E-cigarettes can be beneficial tool for smoking cessation, but the use of e-cigarettes in minors can be dangerous.
E-cigarettes can be beneficial tool for smoking cessation, but the use of e-cigarettes in minors can be dangerous. Despite the health risks associated with high levels of nicotine found in the e-cigarette pods, JUUL, a discrete e-cigarette designed to look like a USB flash drive, has become increasingly popular among youth.
JUUL is a rechargeable battery powered device that works by heating a mixture of flavored liquid and nicotine. The liquid becomes aerosolized for inhalation, with nicotine salts making it possible to inhale large quantities of nicotine without irritation, according to a statement released from the CDC.1
From 2016 to 2017, JUUL sales increased by more than 7-fold, growing to hold the highest share of the US e-cigarette market by the end of 2017, according to a CDC analysis of JUUL retail sales data, published by JAMA.1
In 2013, there was no single e-cigarette dominating the market, but by 2014, British American Tobacco e-cigarettes sales had increased by 146%, and remained on top until 2017. From 2016 to 2017, JUUL took over with a rapid jump, from 2.2 million devices sold in 2016 to 16.2 million devices sold in 2017, a total increase of 641%. By the end of 2017, JUUL made up 1 out of every 3 e-cigarette sales, making it the largest e-cigarette market in the United States, according to the CDC.1
The rapid growth in JUUL sales is alarming, according to the CDC, as many of these purchases are being made by or for underage users, who are more susceptible to the health risks of e-cigarettes. High levels of nicotine found in JUUL are dangerous for children, as nicotine is both highly addictive and it can harm brain development up until their mid-20s. The CDC notes that 74% of youth who used JUUL reported directly buying the device from a retail store, according to the statement.1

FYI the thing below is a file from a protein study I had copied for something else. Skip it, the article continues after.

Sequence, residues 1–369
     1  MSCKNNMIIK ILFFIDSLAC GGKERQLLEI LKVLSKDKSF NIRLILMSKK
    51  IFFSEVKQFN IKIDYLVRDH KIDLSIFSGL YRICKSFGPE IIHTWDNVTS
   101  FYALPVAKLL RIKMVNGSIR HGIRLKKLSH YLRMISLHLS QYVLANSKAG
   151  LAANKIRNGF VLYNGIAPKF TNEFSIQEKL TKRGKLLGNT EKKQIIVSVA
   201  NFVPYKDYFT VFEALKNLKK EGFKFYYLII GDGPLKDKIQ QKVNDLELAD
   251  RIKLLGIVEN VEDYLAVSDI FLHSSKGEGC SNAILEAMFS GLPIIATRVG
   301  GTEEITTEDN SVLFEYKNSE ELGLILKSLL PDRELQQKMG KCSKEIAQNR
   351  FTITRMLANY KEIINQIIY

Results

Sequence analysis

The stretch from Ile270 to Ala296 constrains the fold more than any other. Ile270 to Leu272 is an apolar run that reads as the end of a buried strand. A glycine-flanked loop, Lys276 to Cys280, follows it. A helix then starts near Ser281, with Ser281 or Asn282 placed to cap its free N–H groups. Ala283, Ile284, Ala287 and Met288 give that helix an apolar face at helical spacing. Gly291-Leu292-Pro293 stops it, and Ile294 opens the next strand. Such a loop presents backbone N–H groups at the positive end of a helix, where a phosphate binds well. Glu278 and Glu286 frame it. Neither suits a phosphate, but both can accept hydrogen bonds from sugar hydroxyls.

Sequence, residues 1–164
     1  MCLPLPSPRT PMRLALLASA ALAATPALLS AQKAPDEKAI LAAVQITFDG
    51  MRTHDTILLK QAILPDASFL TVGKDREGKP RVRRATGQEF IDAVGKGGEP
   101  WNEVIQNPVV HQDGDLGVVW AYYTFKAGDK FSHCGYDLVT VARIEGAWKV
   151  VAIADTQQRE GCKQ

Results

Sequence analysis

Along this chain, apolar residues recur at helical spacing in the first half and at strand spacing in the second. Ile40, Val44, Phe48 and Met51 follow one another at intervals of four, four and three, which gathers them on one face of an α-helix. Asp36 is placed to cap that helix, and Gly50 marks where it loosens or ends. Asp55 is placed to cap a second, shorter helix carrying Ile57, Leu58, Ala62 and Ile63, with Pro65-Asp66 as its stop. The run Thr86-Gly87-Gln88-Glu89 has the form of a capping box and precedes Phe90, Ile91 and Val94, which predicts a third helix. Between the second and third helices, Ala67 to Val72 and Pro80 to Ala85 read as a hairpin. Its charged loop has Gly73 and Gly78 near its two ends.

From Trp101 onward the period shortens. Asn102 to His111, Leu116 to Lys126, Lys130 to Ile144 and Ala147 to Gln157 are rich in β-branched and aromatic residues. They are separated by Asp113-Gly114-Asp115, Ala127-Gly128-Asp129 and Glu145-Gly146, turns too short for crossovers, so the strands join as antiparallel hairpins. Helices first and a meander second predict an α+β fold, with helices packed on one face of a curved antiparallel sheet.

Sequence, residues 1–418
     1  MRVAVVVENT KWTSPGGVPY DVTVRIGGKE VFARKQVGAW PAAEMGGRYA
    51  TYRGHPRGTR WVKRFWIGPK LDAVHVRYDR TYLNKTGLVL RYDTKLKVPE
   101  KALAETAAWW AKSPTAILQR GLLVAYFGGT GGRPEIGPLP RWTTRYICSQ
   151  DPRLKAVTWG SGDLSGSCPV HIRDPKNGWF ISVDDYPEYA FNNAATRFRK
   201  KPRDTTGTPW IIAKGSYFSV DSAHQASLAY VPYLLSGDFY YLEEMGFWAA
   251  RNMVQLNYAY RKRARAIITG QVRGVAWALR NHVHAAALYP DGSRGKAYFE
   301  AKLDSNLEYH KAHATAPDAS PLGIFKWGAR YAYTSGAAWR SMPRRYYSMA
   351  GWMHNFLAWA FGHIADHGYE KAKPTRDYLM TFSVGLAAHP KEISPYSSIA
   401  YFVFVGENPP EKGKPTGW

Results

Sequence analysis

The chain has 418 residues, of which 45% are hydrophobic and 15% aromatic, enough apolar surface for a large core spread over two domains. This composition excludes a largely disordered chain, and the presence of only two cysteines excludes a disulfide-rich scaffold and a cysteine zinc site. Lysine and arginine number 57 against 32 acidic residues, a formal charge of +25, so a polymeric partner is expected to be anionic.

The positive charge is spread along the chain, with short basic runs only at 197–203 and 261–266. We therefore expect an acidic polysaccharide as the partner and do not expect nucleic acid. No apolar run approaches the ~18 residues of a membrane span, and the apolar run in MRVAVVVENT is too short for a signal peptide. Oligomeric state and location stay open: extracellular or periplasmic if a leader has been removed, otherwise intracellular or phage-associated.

“The popularity of JUUL among kids threatens our progress in reducing youth e-cigarette use,” said Robert Redfield, MD, CDC director, in a prepared statement. “We are alarmed that these new high nicotine content e-cigarettes, marketed and sold in kid-friendly flavors, are so appealing to our nation’s young people.”1
The CDC warns that e-cigarette use in unsafe for children, teenagers, and adults, and the U.S. Surgeon general has named e-cigarette use among youth and young adults a public health concern. In order to address this concern, the FDA is cracking down on illegal sales of e-cigarettes to youth and marketing that’s centered around targeting youth.1
The FDA recently conducted a nationwide undercover blitz, both in stores and online, and they are issuing more than 1,300 warning letters and civil money penalty complaints to retail stores that were found illegally selling JUUL and other e-cigarettes to minors.2 The agency also issued 12 warnings to online retailers selling e-cigarettes that were mislabeled or advertised as kid friendly food products, such as candy and cookies.3 In addition, the FDA is requiring JUUL and 4 other popular e-cigarette brands to submit an outlined plan to address the easy access of their products to youth, according to a statement from the FDA.2
The FDA is forming a comprehensive plan on the regulation of nicotine and tobacco to prevent the use of cigarettes and e-cigarettes in youth, while still keeping these products accessible for adults as a cigarette alternative, according to the statement.2
“While we remain committed to advancing policies that promote the potential of e-cigarettes to help adult smokers move away from combustible cigarettes, that work can’t come at the expense of kids,” said Scott Gottlieb, MD, FDA Commissioner. “We cannot allow a whole new generation to become addicted to nicotine.”
The FDA released an additional statement announcing their investigation of more than 40 products, including flavored e-cigarette products, from 21 e-cigarette companies. Officials believe these products are being illegally marketed outside of FDA policy.